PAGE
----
- Tory MP George Freeman says the UK could face an economic meltdown
- Britain formally leaves the EU at 11pm UK time on Friday, March 29, 2018
- Macron sent letter of support to a 'Big Tent' political rally hosted by Freeman
Emmanuel Macron is backing a controversial move by Tory and Labour MPs to join forces to counter the risk of Brexit fuelling a rise in UK extremism.
The French President has endorsed a bid by Theresa May's former No 10 policy chief to forge a new cross-party 'coalition' of MPs opposed to a 'no-deal Brexit'.
Tory MP George Freeman says the UK faces a 'Black Monday' economic meltdown if, as an increasing number of politicians predict, it withdraws from the EU without an agreement in March.
Mr Macron's letter in English
The President of the Republic,
MP George Freeman,
I have received the correspondence by which you invite me to deliver a speech at the Big Tent Ideas Festival, to be held on the 7th and 8th in Cambridge.
Sensitive to your approach, I thank you very much.
Like you, I am determined to take up the great challenges of the planet in order to build a more secure world, which guarantees more growth of justice and ecology.
Also, although the constraints of my schedule unfortunately do not allow me to respond favorably to your kind request, I would like to welcome your initiative and wish you all the best for the success of the new edition of this event.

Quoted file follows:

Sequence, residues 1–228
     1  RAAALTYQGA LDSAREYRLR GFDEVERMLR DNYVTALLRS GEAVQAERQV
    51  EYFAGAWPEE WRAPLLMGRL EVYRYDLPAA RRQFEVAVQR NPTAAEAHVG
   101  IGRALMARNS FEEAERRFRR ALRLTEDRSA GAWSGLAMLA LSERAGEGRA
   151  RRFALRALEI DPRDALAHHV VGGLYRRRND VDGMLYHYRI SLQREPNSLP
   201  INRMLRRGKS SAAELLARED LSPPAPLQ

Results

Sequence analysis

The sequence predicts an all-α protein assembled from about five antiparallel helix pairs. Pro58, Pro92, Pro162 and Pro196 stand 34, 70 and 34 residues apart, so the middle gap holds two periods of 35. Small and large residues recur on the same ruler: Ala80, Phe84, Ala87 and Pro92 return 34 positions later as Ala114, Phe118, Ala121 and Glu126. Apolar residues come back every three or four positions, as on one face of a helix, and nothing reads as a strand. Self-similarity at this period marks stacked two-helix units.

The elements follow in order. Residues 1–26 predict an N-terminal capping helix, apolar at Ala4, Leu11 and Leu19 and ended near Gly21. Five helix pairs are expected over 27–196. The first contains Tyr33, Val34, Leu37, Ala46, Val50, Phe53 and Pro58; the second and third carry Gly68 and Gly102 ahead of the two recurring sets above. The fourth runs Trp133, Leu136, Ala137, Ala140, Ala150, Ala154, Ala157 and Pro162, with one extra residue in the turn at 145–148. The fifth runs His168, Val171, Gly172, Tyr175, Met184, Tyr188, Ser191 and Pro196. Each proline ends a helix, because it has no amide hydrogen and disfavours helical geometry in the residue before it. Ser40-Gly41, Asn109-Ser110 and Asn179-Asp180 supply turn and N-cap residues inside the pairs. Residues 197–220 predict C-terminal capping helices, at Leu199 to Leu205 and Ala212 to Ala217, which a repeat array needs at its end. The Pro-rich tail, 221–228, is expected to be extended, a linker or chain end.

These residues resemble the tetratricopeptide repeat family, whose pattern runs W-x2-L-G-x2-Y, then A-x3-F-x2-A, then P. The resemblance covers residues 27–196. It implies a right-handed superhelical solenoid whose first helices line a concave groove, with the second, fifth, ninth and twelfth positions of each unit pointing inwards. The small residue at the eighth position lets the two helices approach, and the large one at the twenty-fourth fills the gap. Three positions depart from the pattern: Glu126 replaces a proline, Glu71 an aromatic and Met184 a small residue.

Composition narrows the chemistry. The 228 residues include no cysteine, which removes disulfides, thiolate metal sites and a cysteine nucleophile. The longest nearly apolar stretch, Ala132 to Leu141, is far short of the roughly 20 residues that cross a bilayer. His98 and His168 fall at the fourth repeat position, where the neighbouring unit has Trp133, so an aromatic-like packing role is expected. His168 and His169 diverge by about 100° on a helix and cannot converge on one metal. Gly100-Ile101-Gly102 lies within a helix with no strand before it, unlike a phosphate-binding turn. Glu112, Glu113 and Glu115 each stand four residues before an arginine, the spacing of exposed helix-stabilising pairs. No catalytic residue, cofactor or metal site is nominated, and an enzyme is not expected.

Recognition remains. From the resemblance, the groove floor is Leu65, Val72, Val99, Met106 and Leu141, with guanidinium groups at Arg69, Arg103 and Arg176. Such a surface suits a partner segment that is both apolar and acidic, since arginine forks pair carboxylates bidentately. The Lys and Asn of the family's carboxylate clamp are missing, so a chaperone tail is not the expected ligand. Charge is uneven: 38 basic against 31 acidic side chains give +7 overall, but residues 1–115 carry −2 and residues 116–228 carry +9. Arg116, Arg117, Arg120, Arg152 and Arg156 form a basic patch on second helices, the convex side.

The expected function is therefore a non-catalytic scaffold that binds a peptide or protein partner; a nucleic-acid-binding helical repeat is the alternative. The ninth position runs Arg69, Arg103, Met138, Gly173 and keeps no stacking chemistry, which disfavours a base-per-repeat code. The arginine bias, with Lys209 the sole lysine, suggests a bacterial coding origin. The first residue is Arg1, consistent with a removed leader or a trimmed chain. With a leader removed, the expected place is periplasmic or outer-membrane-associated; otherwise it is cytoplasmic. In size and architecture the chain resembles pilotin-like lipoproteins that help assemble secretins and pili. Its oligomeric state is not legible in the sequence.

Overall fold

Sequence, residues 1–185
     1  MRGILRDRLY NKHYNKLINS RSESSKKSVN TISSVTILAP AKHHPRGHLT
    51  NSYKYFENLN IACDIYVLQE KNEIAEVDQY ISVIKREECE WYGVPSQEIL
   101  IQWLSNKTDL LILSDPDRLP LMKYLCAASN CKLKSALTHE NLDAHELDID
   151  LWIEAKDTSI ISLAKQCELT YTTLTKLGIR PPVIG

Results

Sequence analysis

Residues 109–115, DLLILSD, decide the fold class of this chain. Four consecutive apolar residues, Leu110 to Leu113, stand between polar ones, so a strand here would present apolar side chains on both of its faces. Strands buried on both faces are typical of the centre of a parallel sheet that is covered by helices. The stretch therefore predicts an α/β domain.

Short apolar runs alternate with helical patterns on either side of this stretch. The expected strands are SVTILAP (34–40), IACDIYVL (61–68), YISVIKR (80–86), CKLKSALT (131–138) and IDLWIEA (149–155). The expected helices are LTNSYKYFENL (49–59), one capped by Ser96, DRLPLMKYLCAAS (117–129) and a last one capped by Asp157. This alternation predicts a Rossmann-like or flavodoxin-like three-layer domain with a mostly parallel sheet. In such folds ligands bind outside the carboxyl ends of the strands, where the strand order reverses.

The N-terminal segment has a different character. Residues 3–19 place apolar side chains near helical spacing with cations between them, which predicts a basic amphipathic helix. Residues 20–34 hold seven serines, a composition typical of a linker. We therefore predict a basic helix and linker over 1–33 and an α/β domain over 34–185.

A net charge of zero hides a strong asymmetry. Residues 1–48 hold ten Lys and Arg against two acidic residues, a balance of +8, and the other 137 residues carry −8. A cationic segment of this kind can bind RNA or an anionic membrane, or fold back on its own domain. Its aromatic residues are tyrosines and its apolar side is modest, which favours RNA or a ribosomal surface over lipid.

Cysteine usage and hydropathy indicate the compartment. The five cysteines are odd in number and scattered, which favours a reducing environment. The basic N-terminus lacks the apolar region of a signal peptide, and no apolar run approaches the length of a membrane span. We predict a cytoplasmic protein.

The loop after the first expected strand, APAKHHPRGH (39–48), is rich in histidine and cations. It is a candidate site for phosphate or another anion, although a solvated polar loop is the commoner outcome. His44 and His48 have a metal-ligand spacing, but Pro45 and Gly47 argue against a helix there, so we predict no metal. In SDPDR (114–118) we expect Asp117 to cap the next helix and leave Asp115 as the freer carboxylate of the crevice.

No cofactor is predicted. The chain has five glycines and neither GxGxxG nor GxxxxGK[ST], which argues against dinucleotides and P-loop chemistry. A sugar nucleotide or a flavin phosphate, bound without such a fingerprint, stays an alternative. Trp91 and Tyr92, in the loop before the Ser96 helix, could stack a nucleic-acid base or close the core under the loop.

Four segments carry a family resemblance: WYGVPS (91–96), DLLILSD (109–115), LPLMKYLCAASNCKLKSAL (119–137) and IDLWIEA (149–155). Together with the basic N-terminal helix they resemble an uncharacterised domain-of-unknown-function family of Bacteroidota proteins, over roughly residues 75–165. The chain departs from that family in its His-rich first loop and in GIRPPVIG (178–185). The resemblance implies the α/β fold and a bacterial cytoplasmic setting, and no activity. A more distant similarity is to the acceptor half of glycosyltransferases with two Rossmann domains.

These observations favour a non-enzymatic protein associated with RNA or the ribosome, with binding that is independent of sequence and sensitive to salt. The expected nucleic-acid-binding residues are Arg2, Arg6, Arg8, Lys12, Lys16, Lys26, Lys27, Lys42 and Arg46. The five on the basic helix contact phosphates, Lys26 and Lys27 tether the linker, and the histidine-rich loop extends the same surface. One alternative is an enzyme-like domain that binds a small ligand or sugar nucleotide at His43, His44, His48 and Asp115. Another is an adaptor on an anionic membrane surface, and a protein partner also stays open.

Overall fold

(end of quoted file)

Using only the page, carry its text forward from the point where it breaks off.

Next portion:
I am convinced that this forum will contribute fully to the reflection on the issues we are jointly facing. In renewing my thanks, I beg you to believe, sir, the assurance of my best feelings.
Mr Macron has sent a letter of support to a 'Big Tent' political rally being hosted by Mr Freeman in Cambridge next month.
Mr Freeman, head of the Conservative Policy Forum, denies it is part of a plan to build a new centre party. He says the aim is to produce 'inspiring new ideas' to ensure post-Brexit Britain is a success.
But he linked it to a stark warning that a 'no-deal Brexit' could lead to a repeat of the so called 'Black Wednesday' in 1992 when Britain crashed out of the EU's Exchange Rate Mechanism.
John Major's Tory Government never recovered from the ensuing economic crisis – and Labour won the next three General Elections.
Mr Freeman says he fears a Brexit 'Black Monday' would do the same and result in Jeremy Corbyn leading a minority 'Hard-Left' Government.
If it did, Mr Freeman says Tory MPs like him could form a 'coalition' with moderate Labour MPs to keep Mr Corbyn out of No 10.
Equally, if it resulted in a minority 'Hard-Right' Tory Government led by Boris Johnson or Jacob Rees-Mogg, moderate Conservative MPs could join forces with Labour MPs to keep them out of power too.
Leading Tory and Labour figures are to attend Mr Freeman's 'Big Tent' event, which is being co-hosted by Baroness Sally Morgan, a former No 10 aide to Tony Blair.
Harriet Harman, ex-Blairite Minister Liam Byrne and anti-Corbyn Labour MP Ian Austin will rub shoulders with Cabinet Ministers Michael Gove and Liz Truss. Scots Conservative leader Ruth Davidson has pledged her support.
Mr Macron came to power after breaking away from France's Left-wing Socialist Party with his En Marche (Forward) movement, which crushed the Hard-Right Front National. He has been called a 'French Tony Blair'.
Mr Freeman, a descendant of Liberal Prime Minister William Gladstone, said he was 'delighted' to have Mr Macron's support, though some are bound to accuse the President of meddling in British politics.